July 9, 2019
3 min read
A US District Judge in California ordered the US branch of fast fashion retailer Missguided to pay Kim Kardashian $2.7 million as the company failed to appear in court.
In March, Kim Kardashian started legal proceedings after Missguided advertised a “knock-off” Yeezy dress on its social media. Missguided included a recreation of a custom Yeezy dress in one of its Instagram posts just hours after Kardashian posted the original on her account. Kardashian’s caption to the post read “fast fashion brands, can you please wait until I wear this in real life before you knock it off”. Yet, Kardashian did not centre her case on the copyright of the dress design, butinstead focused on the trademark infringement.
Missguided’s instagram post espoused rumours at the time that there was a secret deal between Missguided and Kardashian (but this has been publicly debunked by Kardashian). She sought $10 million in damages on the grounds that Missguided exploited her name and image to its own ends without her permission, whilst simultaneously causing her commercial damage as a consequence.
Missguided never responded to the summons to court and thus District Judge Virginia A. Philips prohibited Missguided USA from using Kardashian’s trademarks in the “sale, marketing or distribution of its products”. The US branch of Missguided was subsequently fined $2.7 million by default judgement. The District Judge did not however, enter a default judgement against Missguided UK as it is beyond her judicial jurisdiction. The Manchester-based fashion brand has the right to appeal both the damages and the default judgement, and commented “we note the view of the California Court. The legal process has not yet reached its conclusion.”
This case is a good demonstration of the laxity of US copyright laws in the fashion industry. It is clear that on a personal level, Kardashian feels robbed as she made clear in Tweets made in February of this year: “It’s devastating to see these fashion companies rip off designs that have taken the blood, sweat and tears of true designers”, adding “I’ve watched these companies profit off my husband’s [Kanye West] work for years”.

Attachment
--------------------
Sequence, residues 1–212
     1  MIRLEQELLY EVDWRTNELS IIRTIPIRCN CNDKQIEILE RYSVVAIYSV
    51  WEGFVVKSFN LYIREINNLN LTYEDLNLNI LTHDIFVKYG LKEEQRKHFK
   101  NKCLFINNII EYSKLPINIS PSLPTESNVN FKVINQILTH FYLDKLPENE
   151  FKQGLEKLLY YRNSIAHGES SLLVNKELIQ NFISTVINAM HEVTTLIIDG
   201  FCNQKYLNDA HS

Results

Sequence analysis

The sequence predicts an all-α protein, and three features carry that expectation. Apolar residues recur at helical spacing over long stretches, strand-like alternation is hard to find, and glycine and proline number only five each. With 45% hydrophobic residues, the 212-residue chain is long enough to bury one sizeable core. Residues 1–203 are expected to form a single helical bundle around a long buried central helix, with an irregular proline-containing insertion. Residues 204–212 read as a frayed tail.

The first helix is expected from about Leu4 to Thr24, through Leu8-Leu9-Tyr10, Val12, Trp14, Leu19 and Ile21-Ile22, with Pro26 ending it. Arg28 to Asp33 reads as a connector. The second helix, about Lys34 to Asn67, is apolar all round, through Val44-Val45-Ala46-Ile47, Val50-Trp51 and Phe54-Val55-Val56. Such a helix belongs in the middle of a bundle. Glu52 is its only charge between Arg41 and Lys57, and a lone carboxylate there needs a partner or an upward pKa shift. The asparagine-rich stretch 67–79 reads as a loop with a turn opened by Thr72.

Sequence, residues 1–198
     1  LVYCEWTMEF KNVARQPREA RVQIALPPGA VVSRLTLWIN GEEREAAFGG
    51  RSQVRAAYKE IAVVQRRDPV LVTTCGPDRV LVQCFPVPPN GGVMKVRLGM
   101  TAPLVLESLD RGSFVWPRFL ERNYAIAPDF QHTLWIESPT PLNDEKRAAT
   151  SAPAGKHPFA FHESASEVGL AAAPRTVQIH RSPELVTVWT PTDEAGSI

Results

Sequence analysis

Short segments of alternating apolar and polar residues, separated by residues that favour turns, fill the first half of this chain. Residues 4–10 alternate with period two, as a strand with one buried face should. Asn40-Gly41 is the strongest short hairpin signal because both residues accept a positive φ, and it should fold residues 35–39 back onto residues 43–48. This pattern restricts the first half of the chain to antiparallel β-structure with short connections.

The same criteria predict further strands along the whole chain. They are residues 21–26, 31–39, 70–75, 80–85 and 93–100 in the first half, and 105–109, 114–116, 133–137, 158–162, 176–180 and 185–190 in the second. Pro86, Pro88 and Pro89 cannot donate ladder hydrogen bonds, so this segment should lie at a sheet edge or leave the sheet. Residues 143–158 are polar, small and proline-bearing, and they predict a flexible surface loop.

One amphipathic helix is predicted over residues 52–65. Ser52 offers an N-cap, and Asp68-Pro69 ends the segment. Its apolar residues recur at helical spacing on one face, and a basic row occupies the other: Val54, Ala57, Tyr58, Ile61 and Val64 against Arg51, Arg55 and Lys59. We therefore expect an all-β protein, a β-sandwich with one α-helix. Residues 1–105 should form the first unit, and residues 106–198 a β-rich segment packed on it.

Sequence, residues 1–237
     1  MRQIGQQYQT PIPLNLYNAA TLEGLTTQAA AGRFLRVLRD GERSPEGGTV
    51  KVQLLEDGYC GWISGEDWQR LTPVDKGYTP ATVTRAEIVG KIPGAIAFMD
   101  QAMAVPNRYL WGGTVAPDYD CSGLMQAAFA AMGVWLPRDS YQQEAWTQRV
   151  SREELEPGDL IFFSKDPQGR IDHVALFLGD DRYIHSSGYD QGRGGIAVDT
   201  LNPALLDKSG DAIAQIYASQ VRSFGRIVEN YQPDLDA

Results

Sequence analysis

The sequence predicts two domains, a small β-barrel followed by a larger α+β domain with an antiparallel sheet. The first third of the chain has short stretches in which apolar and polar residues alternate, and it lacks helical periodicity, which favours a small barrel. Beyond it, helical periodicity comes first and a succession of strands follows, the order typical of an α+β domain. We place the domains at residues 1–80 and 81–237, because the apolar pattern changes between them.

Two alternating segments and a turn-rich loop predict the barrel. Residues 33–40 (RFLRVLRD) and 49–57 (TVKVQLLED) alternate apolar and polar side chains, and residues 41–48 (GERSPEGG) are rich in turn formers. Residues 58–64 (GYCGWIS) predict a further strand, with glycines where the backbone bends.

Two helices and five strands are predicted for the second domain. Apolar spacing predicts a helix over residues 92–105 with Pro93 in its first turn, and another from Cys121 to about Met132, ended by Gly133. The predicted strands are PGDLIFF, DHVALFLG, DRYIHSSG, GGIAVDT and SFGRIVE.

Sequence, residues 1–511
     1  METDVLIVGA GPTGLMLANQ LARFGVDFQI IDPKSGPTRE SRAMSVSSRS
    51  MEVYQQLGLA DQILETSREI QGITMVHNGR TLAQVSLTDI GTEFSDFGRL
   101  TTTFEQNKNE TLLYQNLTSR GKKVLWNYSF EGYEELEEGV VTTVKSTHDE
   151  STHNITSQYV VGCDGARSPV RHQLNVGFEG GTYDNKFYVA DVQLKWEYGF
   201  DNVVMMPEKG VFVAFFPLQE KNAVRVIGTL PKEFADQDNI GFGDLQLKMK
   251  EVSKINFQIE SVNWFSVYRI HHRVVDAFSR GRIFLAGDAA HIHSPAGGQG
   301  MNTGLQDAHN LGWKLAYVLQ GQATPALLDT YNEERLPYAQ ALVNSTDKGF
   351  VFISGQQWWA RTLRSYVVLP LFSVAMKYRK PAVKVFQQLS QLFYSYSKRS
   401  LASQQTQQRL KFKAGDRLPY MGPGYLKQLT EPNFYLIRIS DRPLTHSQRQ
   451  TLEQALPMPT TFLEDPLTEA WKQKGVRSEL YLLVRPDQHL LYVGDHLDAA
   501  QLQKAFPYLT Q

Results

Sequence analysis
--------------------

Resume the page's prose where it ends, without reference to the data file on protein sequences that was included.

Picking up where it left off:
Despite this, Kardashian’s argument was largely based on her trademark rights (that were abused to cause speculation about whether she was partnered with Missguided) rather than a breach of copyright of the Yeezy dress. This is due to US copyright law not protecting items that have useful properties, such as clothing and accessories. Instead the more explicitly creative elements of a design (such as graphics, images or sculptural elements) are protected. This was challenged by the Supreme Court’s ruling in Star Athletica v Varsity Brands (2017), where Varsity Brands successfully filed a lawsuit against Star Athletica for copying its design of cheerleader uniform. Here, the justices ruled that the distinctive stripes and zigzags were not an innate characteristic of the uniform.
On the other hand, California has publicity laws that specifically protect individual in cases of unfair competition. Hence it was advantageous for Kardashian to focus on trademark infringement and unfair competition in court, and leave her anger about copyright in fashion for social media.
Whether Missguided’s absence from court was a strategic move is up for debate. What does seem likely from Missguided’s ominous statement – “the legal process has not yet reached its conclusion” – is that this may not be the last we hear of this legal battle.
Report written by Will H
Share this now!